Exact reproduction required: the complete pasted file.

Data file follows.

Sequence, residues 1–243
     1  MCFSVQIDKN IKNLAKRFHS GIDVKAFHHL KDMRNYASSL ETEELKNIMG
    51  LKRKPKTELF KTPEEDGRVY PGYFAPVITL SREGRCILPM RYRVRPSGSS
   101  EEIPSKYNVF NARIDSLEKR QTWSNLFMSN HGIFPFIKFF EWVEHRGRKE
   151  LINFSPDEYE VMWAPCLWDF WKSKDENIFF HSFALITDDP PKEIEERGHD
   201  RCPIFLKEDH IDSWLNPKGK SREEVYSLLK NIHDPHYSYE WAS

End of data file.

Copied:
Sequence, residues 1–243
     1  MCFSVQIDKN IKNLAKRFHS GIDVKAFHHL KDMRNYASSL ETEELKNIMG
    51  LKRKPKTELF KTPEEDGRVY PGYFAPVITL SREGRCILPM RYRVRPSGSS
   101  EEIPSKYNVF NARIDSLEKR QTWSNLFMSN HGIFPFIKFF EWVEHRGRKE
   151  LINFSPDEYE VMWAPCLWDF WKSKDENIFF HSFALITDDP PKEIEERGHD
   201  RCPIFLKEDH IDSWLNPKGK SREEVYSLLK NIHDPHYSYE WAS